The Blog:



Dr. Flo
November 12, 2021

Over two and a half years had passed since that first day of sobriety on April Fool’s Day in 2019.  Dr. Flo at first felt a little nervous last night when the old college friend she was meeting up with for dinner suggested a place best known for its beer selection.  It had been a bit too long since Dr. Flo had attended a 12 step meeting focused specifically on recovering from alcoholism, and college friendships were inextricably linked with a good party and an alcoholic beverage (or ten) in Dr. Flo’s mind.  Flo mulled it over more than once, wondering whether she should ask her friend to pick a different place, contemplating the potential for a slip, trying to decide if she would be too tempted.  Looking at the menu online, she decided the food sounded good enough to satisfy cravings for pleasure and that the experience would be a chance to determine her current temptation status.  Flo also knew that making it through (and actually enjoying herself!) at her cousin’s recent wedding without a drink suggested that much of the desire for alcohol had been (mostly?) removed.  Today, looking back on her contemplation of possibilities and her decision to go ahead and risk it, Flo noticed that it had not crossed her mind to pray about the decision - and that realization concerned her a great deal - perhaps even more than if she had slipped and had a drink.

What’s up with that? Dr. Flo thought.  Why didn’t I think to pray about it? The answer came quickly, and Flo knew she had been too long away from her pre-pandemic routine consisting of at least two in person 12 step meetings per week.  During the early days of the pandemic she enjoyed the 12 step meetings online, finding them extremely convenient and delighting in the newfound ability to attend meetings all over the country and the world if she so wished.  Nowadays, however, Dr. Flo’s unwillingness to discontinue working from home felt like a gag order against admitting that the physical presence of human bodies appeared to be a key component in the remedy for the spiritual malady described in that Big Book.  Lucky for Dr. Flo, someone already dear to her heart had shown up this week with an offer it looked like she couldn’t refuse, and if things play out as expected, Flo might be on the path toward initiating her very first sponsee.

Her eyes drifted to the laminated chart thumbtacked to the cork board above her desk, the bottom of which indicated the trademark copyright of Pia Mellody.  Dr. Flo used the chart on a regular basis as a tool for reminding herself and her clients of the details of Pia’s framework for supporting Adult Children in recovery.  Depicted on the chart were the hypothesized pathways through which childhood trauma causes the “core issues of immaturity,” the “secondary symptoms of unmanageability,” and the “relational problems” otherwise known as “Problems with Being Intimate” in Adult Children.  

As if seeing it again for the first time, Dr. Flo felt a jolt of surprise as she read across the pathway delineating the third core issue, labeled by Pia in both “Facing Codependency” and “Facing Love Addiction” as “difficulty owning one’s own reality.”   Although she had read over these symptoms and listened to recordings of Pia talking about them for at least one hundred (probably more) hours, that third core issue stood out differently today as Dr. Flo read across the pathway that began with the word “Imperfect.”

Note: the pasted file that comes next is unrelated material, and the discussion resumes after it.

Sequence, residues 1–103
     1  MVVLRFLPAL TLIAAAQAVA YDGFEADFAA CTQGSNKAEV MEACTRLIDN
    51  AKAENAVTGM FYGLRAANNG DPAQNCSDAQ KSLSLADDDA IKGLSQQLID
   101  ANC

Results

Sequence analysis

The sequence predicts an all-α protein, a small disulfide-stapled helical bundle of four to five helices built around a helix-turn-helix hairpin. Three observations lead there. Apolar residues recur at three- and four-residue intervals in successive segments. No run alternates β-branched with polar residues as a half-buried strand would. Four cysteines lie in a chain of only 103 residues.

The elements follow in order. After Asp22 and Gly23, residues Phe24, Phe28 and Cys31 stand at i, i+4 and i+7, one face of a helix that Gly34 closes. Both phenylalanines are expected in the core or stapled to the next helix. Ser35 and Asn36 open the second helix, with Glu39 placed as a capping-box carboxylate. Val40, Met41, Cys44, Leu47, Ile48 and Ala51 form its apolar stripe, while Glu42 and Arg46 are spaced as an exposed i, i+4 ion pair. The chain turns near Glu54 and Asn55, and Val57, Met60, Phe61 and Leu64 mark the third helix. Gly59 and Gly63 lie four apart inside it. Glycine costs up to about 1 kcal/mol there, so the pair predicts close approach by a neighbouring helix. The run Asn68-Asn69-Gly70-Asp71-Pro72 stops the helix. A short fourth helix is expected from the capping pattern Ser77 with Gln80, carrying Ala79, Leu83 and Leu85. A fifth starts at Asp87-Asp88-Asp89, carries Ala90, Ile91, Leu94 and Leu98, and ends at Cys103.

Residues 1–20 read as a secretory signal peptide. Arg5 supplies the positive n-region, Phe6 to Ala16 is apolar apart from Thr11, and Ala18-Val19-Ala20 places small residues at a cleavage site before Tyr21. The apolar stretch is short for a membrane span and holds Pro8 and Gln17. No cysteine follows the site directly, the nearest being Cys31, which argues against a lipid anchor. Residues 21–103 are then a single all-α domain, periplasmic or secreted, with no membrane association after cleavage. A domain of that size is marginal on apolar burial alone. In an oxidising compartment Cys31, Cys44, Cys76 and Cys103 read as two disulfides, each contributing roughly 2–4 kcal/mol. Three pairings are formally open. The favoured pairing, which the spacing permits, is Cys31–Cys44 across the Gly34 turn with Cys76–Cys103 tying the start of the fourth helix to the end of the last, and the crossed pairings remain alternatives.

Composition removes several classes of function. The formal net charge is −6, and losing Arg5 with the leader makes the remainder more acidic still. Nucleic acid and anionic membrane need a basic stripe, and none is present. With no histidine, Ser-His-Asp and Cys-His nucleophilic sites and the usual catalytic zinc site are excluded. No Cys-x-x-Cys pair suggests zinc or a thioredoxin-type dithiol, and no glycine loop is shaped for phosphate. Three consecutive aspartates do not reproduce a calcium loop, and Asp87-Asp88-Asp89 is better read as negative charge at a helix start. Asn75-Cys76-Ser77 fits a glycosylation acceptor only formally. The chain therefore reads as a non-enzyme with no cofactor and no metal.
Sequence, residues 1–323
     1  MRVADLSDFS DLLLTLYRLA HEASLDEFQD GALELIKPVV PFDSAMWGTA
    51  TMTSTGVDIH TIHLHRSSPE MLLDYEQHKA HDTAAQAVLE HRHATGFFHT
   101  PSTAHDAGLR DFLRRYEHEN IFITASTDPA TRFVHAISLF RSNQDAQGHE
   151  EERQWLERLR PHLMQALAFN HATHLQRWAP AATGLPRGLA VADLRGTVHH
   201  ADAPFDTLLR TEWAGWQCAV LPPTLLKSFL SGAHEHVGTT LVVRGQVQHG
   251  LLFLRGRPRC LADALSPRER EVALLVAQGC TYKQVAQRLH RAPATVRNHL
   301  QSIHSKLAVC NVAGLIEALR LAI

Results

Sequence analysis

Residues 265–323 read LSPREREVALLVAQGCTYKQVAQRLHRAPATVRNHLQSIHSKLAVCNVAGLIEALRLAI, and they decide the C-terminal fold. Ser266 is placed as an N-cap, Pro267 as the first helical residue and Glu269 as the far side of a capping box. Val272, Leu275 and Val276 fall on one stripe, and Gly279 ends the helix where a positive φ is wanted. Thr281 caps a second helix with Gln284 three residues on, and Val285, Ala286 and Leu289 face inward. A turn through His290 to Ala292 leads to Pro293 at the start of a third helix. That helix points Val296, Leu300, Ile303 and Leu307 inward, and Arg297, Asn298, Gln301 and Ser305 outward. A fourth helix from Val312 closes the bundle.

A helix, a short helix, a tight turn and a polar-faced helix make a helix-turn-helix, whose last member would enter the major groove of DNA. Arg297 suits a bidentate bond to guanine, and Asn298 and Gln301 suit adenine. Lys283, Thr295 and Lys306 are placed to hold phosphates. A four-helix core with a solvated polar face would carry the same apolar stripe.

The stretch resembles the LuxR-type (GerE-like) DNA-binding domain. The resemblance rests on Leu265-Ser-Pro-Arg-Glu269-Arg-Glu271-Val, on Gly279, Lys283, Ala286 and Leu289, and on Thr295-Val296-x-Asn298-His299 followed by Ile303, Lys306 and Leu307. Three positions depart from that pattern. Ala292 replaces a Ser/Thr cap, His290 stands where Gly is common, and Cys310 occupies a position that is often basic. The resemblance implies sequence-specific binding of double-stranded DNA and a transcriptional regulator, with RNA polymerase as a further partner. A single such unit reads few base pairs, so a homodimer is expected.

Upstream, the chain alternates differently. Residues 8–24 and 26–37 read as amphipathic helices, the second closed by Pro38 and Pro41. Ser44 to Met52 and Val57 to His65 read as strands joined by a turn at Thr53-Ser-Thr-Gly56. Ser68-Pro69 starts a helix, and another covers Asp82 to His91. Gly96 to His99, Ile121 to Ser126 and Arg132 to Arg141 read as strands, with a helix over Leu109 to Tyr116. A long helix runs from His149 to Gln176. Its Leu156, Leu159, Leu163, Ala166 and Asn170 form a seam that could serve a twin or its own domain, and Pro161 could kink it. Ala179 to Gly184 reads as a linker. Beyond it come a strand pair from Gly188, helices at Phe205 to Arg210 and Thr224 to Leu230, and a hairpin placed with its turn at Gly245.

According to Pia’s developmental model, the third core symptom of codependency - that of the Adult’s difficulty identifying and owning one’s own reality - is caused by developmental trauma regarding the child’s natural and original state of imperfection.  Dr. Flo followed the chart’s pathway across, noticing the connection hypothesized between developmental trauma associated with rejection of the child’s natural imperfection (causing) difficulties owning one’s own reality (both of which drive) unmanageability in the context of spirituality issues (all three of which create) problems with being intimate manifested as dishonesty.  Both a sense of Eureka! and at the same time whatever emotion goes with the sinking feeling of Oh Shit! came over Dr. Flo.  Just this week, the latest addition to Dr. Flo’s ever growing library had arrived, the title of which was simply “Perfectionism.”  

Needless to say, Dr. Flo was rattled.  That problem with time, that problem with asserting her own opinion and holding onto it in the face of disagreement, that problem with making choices and picking out priorities, that problem with never wanting to let anyone down all seemed to fit into a box that could easily be labeled with the scarlet letter “P.”  Now the realization that it had not even occurred to her last night to pray while making a decision about going to a bar for dinner - damn - tough to swallow.  And - perhaps most difficult to swallow of all - that last bit of that particular pathway on the chart - that word - Dishonesty. Shit, if there was one thing that Dr. Flo thought she had licked, it was dishonesty.  Damnit, damnit, damnit, damnit, damnit...   

DR. FLO is a 52-year-old philosopher, and aspiring soul guardian. View Profile

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